On view in the Van Deren Coke Gallery
October 16, 2015 – December 12, 2015 & January 5, 2016 – March 12, 2016
with an opening reception, Friday, October 16, 6 – 8 pm
Curated by Miguel Gandert, Distinguished Professor of Communications and Journalism, and Chris Wilson, J. B. Jackson Chair of Cultural Landscape Studies
Starting in the 1600s, painters of romantic landscapes (and two centuries later, many photographers) composed picturesquely balanced views of nature, often punctuated by a small classical ruin or snippet of rural life. Yet from the invention of photography in France in 1839, and its quick embrace in the English-speaking world, Edouard Baldus, Francis Frith, and Carlton E. Watkins, among others, captured panoramas of the traditional and industrializing city. Others such as Eugene Atget, Walker Evans, and Henri Cartier-Bresson walked its streets reveling in the overlooked details of the everyday, vernacular landscape. The first half of Vernacular in Place samples the canon of landscape photography as taught and collected at UNM by historian Beaumont Newhall and founding director of the Art Museum, Van Deren Coke, in the 1960s and 70s—decades when UNM was arguably the leading international center of photo history and studio photography.
These decades also witnessed the civil rights, anti-colonial and environmental movements, the rise of an international youth counterculture and the grassroots mobilization against the Viet Nam War. Amid this combination of an emerging photo historical consciousness, and a broader anti-authoritarian spirit, a younger generation of photographers—many UNM students, alumni and faculty—reacted against the canon of landscape photography best embodied in those days by Ansel Adams, who consciously edited out signs of modern society. Lee Freidlander, Steve Fitch, and Thomas Barrow, as well as a group assembled in the New Topographics exhibition of 1977 including Lewis Baltz, Joe Deal, Frank Gohlke, and Nicholas Nixon, instead stepped back to include telephone poles and cobra-headed street lamps, and to turn their cameras on gas stations, industrial parks, and newly-built suburban houses at the desert’s edge. Their cool, deadpan, ironic, yet loving embrace of the contemporary vernacular landscape resonates in the work of landscape photographers down to this day.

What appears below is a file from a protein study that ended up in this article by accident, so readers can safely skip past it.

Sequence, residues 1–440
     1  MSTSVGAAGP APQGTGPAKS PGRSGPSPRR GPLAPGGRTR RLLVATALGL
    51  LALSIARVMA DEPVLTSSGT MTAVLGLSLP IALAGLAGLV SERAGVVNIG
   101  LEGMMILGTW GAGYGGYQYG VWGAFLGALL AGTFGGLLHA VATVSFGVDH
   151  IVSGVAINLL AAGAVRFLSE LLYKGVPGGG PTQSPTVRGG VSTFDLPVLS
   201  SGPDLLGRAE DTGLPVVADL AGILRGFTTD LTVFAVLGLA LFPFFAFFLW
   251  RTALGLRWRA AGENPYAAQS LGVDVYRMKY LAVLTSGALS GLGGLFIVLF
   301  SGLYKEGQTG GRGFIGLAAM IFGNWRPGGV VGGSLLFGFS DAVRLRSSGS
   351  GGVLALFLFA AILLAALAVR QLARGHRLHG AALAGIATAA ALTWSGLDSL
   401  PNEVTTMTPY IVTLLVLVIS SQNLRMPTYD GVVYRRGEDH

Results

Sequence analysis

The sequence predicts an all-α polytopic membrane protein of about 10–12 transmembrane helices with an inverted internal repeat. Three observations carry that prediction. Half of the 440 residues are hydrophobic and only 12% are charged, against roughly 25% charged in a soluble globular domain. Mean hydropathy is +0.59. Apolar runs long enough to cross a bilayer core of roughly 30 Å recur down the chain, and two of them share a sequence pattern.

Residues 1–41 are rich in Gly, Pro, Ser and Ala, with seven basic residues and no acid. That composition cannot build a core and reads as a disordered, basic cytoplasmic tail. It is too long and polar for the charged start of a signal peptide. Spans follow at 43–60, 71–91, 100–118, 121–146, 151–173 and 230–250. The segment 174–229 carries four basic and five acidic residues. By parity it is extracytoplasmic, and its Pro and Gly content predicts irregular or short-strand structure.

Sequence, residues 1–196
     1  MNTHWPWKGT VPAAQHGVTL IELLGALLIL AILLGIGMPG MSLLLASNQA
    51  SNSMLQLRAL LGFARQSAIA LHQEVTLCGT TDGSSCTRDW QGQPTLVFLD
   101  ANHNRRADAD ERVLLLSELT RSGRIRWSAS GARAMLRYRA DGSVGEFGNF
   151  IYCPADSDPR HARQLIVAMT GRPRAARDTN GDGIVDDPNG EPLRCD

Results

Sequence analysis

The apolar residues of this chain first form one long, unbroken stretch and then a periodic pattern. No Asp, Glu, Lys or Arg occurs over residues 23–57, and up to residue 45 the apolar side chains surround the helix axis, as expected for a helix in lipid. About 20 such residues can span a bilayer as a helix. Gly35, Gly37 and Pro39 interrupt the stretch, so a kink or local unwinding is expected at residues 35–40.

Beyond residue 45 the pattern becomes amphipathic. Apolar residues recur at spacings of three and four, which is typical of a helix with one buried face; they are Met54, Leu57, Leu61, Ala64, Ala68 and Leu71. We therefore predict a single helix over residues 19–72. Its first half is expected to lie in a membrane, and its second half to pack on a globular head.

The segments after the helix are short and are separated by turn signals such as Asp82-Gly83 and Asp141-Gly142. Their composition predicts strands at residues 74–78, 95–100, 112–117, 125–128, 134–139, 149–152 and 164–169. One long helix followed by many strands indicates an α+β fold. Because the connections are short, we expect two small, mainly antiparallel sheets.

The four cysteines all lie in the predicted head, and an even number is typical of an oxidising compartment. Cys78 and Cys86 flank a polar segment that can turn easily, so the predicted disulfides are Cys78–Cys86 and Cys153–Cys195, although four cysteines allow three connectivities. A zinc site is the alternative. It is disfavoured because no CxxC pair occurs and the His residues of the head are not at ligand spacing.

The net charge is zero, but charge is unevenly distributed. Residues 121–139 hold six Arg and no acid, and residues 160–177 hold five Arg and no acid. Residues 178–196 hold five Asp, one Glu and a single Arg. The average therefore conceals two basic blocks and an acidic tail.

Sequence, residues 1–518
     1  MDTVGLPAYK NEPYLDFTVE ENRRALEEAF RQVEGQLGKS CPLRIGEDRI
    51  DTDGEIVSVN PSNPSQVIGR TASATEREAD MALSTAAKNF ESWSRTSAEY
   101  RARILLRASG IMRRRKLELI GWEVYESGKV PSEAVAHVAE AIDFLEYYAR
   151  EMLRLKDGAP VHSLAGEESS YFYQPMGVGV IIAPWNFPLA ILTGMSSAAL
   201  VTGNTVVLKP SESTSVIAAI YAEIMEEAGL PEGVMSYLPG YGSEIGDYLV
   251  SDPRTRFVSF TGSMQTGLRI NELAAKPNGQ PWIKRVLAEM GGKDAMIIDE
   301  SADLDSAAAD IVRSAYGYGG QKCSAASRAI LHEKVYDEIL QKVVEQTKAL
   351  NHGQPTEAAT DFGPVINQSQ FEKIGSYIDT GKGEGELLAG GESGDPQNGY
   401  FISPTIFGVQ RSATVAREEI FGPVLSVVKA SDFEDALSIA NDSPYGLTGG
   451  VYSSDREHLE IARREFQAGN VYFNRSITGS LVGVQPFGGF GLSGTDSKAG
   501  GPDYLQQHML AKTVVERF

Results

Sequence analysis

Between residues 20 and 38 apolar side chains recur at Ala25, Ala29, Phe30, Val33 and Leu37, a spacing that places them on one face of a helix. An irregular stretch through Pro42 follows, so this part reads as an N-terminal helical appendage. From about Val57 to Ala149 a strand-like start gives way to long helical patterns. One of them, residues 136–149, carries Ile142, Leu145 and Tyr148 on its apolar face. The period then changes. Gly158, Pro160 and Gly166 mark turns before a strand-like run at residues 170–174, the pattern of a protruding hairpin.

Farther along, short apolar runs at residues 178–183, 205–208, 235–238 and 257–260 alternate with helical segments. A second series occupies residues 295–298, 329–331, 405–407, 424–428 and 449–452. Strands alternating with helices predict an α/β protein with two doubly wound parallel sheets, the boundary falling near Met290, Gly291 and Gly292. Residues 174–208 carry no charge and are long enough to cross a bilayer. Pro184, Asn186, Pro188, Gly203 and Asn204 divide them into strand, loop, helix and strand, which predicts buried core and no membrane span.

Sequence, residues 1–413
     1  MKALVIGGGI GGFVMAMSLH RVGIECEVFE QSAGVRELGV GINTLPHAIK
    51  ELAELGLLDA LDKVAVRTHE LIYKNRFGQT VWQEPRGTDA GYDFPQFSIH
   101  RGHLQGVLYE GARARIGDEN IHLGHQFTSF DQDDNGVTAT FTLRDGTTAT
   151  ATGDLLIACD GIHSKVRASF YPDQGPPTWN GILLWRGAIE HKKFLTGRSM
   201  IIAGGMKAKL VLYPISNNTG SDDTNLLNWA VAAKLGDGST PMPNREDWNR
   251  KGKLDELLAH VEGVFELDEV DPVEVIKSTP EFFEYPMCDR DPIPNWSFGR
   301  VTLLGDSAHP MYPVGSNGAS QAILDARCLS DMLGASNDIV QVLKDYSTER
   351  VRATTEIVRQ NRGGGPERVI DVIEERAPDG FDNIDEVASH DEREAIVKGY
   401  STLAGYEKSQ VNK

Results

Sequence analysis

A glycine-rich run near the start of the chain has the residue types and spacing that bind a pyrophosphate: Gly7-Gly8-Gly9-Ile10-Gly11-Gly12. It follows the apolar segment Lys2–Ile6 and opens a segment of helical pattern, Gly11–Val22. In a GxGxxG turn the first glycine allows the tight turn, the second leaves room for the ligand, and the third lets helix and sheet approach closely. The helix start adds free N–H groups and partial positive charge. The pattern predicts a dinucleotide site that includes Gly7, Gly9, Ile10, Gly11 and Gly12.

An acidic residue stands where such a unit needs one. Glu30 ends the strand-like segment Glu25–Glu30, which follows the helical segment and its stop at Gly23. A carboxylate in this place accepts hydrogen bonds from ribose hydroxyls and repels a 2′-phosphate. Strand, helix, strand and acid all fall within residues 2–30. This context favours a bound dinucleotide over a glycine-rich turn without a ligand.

In addition to the photographers already mentioned, the exhibition also includes works by Kenneth Winston Baird, Hilla and Bernd Becher, Sabine Delcour, Gus, Foster, Lynn Geesaman, Debora Hunter, William Henry Jackson, Danny Lyon, Joan Meyer, Beaumont Newhall, Bernard Plossu, Edward Ruscha, David Stephenson, Edward Weston and Steve Yates.
The exhibit has been developed in coordination with the PhotoPaysage/ LandscapeRepresentation conference, October 15-17, 2015, a French/American dialogue about the role of photography in changing conceptions of landscape and an additional exhibition, “Photographic Notes on the Road: J. B. Jackson, 1955-1989,” October 15 – November 9, School of Architecture and Planning Gallery.
Thomas Barrow (American, b. 1938), Dart from the series Cancellation, 1974, Toned gelatin silver print, 9-1/4 x 13-1/2 inches, Purchase with funds from the Charles E. Merrill Trust, University of New Mexico Art Museum, 74.257